Factories need people to produce. They need equipment, they need engineers, they are mechanized, in which case there’s a “depreciable life to assets” for an industrial business. That means that when risks are taken within the confines of an industrial economy, there are known spreads, margins, risk, and a real life cycle approach to investments.

Industrialized economies take on more efficiency by expanding output and so long as more automation and turnover occurs, it is quite a “limitless” opportunity to drive margins and efficiency higher in an almost permanent upward trajectory. By comparison, one can simply not improve on the process of clipping hair for a basic haircut, shining shoes better, flipping burgers faster, or clipping roses any better than 600 years ago.

Final straw

In one business model (industrial economy) we can borrow capital and expand with great efficiency and expected profitability gains. In services model we have market saturation quickly established and then negative marginal contribution also expected as a result of borrowing.

Services sector economies that stimulate through monetary easing and debt creation risk the final straw that PIMCO (Pacific Investment Management Co LLC) has described as a “credit supernova” whereby we have a profits deflation plus a debt inflation, which can only lead to massive monetary inflation as margins will ultimately descend below zero, prompting money printing simply to keep the system alive.

About bambooinnovator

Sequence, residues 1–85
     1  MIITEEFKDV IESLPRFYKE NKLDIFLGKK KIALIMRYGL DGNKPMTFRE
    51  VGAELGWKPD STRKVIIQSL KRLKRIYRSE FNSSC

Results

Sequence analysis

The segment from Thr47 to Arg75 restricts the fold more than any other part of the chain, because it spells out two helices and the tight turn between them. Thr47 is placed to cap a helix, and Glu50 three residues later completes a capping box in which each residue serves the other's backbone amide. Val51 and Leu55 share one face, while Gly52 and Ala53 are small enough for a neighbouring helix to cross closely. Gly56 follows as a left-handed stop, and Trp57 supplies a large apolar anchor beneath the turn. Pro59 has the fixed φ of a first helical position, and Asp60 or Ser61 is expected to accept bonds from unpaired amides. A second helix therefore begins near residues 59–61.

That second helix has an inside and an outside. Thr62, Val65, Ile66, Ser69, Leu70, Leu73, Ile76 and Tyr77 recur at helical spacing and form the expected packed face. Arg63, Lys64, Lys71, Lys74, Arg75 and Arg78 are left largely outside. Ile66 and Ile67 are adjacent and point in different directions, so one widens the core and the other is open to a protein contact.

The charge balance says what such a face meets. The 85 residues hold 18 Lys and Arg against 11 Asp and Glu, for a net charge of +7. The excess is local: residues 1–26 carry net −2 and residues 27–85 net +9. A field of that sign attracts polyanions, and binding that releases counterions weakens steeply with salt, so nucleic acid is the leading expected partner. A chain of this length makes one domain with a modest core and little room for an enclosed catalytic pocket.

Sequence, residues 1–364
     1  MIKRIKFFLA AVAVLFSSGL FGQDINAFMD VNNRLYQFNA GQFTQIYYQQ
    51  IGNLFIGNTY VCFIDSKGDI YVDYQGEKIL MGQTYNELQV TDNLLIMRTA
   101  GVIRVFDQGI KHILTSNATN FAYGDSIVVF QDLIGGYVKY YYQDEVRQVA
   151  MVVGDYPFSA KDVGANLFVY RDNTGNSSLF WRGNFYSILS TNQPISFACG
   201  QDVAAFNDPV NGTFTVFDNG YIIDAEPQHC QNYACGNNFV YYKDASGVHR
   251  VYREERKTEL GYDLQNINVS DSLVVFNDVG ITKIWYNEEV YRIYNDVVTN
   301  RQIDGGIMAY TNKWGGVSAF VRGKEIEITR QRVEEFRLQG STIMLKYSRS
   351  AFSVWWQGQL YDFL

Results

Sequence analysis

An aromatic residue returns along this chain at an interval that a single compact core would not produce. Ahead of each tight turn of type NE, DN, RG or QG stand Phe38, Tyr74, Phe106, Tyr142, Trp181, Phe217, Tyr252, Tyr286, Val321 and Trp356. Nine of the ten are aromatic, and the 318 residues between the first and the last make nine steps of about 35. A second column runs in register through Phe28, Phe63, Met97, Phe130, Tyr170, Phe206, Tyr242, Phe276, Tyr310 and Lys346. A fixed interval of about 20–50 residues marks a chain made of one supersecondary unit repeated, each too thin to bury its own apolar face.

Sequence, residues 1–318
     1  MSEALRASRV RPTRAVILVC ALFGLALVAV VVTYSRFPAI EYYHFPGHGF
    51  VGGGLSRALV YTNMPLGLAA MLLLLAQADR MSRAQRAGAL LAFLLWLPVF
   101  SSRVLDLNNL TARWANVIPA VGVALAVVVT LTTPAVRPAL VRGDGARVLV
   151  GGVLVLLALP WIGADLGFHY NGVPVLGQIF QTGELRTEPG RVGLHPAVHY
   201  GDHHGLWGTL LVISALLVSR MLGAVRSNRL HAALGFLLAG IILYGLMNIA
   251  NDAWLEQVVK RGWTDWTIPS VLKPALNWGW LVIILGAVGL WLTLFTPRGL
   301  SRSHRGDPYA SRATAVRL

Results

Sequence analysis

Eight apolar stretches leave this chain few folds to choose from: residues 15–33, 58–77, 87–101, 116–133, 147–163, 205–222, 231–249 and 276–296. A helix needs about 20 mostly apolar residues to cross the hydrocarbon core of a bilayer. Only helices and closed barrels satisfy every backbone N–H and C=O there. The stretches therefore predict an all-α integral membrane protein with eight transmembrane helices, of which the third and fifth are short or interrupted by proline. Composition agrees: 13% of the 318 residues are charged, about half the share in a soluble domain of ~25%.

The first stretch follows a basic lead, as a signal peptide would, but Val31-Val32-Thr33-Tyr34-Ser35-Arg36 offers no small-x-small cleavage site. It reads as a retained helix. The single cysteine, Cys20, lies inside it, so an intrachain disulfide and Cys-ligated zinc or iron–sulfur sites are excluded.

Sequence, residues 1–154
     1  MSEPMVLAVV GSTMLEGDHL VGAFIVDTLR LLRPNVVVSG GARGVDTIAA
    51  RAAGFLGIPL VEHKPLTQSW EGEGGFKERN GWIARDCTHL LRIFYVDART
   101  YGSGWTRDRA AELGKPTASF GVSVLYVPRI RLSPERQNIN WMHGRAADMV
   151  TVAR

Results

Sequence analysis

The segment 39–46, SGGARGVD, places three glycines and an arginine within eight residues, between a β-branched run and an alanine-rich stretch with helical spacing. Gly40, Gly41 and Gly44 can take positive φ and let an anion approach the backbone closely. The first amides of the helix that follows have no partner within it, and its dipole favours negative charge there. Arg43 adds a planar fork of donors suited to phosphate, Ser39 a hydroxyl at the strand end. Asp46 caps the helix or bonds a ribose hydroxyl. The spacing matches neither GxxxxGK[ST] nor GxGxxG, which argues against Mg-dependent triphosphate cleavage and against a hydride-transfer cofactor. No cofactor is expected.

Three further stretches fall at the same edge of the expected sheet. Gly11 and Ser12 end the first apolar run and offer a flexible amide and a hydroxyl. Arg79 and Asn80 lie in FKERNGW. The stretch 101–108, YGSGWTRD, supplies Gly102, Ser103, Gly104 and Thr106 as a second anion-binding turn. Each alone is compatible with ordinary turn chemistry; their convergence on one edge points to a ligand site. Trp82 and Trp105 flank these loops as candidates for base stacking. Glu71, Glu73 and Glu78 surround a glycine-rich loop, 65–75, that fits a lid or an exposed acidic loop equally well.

Kee Koon Boon (“KB”) is the co-founder and director of HERO Investment Management which provides specialized fund management and investment advisory services to the ARCHEA Asia HERO Innovators Fund (, the only Asian SMID-cap tech-focused fund in the industry. KB is an internationally featured investor rooted in the principles of value investing for over a decade as a fund manager and analyst in the Asian capital markets who started his career at a boutique hedge fund in Singapore where he was with the firm since 2002 and was also part of the core investment committee in significantly outperforming the index in the 10-year-plus-old flagship Asian fund. He was also the portfolio manager for Asia-Pacific equities at Korea’s largest mutual fund company. Prior to setting up the H.E.R.O. Innovators Fund, KB was the Chief Investment Officer & CEO of a Singapore Registered Fund Management Company (RFMC) where he is responsible for listed Asian equity investments. KB had taught accounting at the Singapore Management University (SMU) as a faculty member and also pioneered the 15-week course on Accounting Fraud in Asia as an official module at SMU. KB remains grateful and honored to be invited by Singapore’s financial regulator Monetary Authority of Singapore (MAS) to present to their top management team about implementing a world’s first fact-based forward-looking fraud detection framework to bring about benefits for the capital markets in Singapore and for the public and investment community. KB also served the community in sharing his insights in writing articles about value investing and corporate governance in the media that include Business Times, Straits Times, Jakarta Post, Manual of Ideas, Investopedia, TedXWallStreet. He had also presented in top investment, banking and finance conferences in America, Italy, Sydney, Cape Town, HK, China. He has trained CEOs, entrepreneurs, CFOs, management executives in business strategy & business model innovation in Singapore, HK and China.